Easter eggs are a colourful microcosm of our dependence on a very global ingredient: palm oil.
A report published in 2013 by the Rainforest Foundation (UK), named and shamed the most unsustainable chocolate companies based on their palm oil content. Since then, market leaders such as Mars, Ferrero and Modelez International (Cadbury’s) have worked towards sourcing more sustainable palm oil.
The chocolate guide was published to draw attention to the varying sustainability policies of big food manufacturers. It is part of a larger report,‘Seeds of Destruction’, which the RFUK hoped would alert the general public to the idea of palm oil companies expanding into the Congo rainforests. Since it was published, the RFUK have found that little has been done to decrease deforestation.
In essence, the chocolate industry moves towards greener policies but our overall demand for palm oil continues to rise. It is increasingly found in cosmetics, pharmaceuticals and biofuels.
Most of the palm oil in our products comes from Southeast Asia, where Malaysia and Indonesia account for 90 per cent of global palm oil production. However, this is set to change. With demand predicted to outstrip supply, palm oil plantations need more land and cheap labour to expand their projects further afield. They look to the rainforests of Central and Western Africa as the ‘new frontier for palm oil’. Particularly, in the Congo river basin.
With a small-scale palm oil industry already in place, the rainforests of the Congo basin have the ideal climate and the promise of rich, damp soils. Since 2008, palm oil companies from Malaysia, France, Belgium, Italy, Singapore, US, Canada and Spain have earmarked a total expansion of over 1.6 million hectares in the Congo basin made up of substantial plantations in Cameroon, Congo, DR Congo and Gabon.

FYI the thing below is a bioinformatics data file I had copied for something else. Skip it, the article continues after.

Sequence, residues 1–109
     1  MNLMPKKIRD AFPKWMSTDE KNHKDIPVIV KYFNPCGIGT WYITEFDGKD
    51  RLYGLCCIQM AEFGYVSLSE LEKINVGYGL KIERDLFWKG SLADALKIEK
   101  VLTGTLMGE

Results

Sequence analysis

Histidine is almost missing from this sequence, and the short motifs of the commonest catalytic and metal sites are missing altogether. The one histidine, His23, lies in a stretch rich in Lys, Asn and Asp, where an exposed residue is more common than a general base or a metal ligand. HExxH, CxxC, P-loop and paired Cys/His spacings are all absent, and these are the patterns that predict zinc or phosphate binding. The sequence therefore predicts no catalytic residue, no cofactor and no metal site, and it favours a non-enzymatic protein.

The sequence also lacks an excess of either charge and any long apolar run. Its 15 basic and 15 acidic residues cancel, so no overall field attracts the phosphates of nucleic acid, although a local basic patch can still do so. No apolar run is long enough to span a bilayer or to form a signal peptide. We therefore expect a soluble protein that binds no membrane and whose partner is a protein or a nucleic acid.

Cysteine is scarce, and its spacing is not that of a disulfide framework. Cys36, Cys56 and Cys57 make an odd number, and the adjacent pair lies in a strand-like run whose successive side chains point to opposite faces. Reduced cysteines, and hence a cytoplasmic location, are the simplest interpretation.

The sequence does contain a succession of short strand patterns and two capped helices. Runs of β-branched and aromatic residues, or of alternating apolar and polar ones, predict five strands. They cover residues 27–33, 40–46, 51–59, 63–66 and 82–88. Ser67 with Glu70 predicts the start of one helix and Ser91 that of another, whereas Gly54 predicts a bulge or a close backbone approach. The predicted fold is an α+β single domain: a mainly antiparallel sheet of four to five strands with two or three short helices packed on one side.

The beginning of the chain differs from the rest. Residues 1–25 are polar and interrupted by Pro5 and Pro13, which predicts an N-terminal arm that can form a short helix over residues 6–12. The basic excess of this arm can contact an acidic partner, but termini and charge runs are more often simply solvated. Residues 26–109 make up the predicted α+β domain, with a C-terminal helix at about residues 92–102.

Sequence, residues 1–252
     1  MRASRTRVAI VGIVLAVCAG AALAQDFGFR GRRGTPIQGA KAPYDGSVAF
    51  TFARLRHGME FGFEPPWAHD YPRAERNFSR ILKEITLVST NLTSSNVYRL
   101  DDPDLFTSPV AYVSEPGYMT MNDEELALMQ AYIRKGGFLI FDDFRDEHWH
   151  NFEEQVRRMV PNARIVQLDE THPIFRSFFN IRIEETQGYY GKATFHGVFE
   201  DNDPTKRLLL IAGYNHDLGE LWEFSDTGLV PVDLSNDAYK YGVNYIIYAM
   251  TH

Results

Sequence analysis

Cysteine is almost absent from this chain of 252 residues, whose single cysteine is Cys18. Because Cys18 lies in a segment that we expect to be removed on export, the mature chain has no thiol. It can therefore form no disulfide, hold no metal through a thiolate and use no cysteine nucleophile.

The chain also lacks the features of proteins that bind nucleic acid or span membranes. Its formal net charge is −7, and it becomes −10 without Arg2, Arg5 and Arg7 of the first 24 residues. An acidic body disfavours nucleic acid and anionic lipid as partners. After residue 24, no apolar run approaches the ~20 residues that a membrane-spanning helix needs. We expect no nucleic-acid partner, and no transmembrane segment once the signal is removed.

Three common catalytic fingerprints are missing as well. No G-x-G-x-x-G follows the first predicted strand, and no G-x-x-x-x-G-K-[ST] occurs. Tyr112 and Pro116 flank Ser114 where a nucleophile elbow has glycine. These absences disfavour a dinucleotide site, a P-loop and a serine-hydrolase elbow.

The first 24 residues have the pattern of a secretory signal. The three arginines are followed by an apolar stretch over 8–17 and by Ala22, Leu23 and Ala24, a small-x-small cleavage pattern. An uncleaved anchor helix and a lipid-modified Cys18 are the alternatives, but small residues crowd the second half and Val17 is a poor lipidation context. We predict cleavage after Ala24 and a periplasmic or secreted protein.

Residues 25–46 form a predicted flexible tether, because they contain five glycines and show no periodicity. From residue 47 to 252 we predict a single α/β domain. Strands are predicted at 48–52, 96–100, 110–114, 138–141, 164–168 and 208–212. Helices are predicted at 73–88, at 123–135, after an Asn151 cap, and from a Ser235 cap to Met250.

However, the devastating impact the palm oil industry has had on the rainforests of Malaysia and Indonesia are an ominous reminder of the potential damage threatened by unchecked oil production. According to estimations by the World Research Institute in Washington D.C, Indonesia lost more than six million hectares of forest land to palm oil plantations rainforests between 2000 and 2012 . An area half the size of England; of which 40 per cent was pristine, primary rainforest.
With the second largest rainforest in the world and some of the richest levels of biodiversity, the Congo Basin similarly has a lot to lose from the introduction of vast monocultures of palm. Cameroon is expected to lose as much as 75 per cent of its biodiversity if the controversial Herakles plantation becomes a reality. NGOs and local communities fear the deforestation that will need to take place in order to make room for these projects.
As a resource, palm oil is actually incredibly efficient. It has the highest yield of any other oil crop and has the potential to be a low-impact ingredient. It can benefit local economies when planted sustainably, and not in the place of diminishing rainforests.
However, according to the Environmental Investigation Agency, communities are excluded from these land management negotiations for agri-business. Much of the forested land is state-owned, allowing the potential theatre for back door business deals, without the informed consent of the indigenous and country locals. The Round Table for Sustainable Palm Oil (RSPO) certification was introduced in 2004 to ensure that plantations are conflict-free, but many chocolate manufacturers have gone beyond that to demand that palm oil is certified sustainable palm oil (CSPO).
'There is potential for palm oil to be a ‘sustainable’ product.' said Simon Counsell, executive director of the RFUK. 'However, for this to become reality, the industry needs to pay much greater attention to both the direct and indirect social and environmental impacts that it can have.'
'In Africa, ‘sustainability’ probably means allowing local communities a greater say in how the industry is developed and ensuring they receive greater benefits than has generally been the case in southeast Asia'
Nonetheless, without a drop in the demand for palm oil, it’s possible that the Easter eggs you eat in the next decade or so could be made with African palm oil. The RFUK report hopes that demand will slow as consumers opt for more sustainable brands which are moving towards greener ingredients across the board.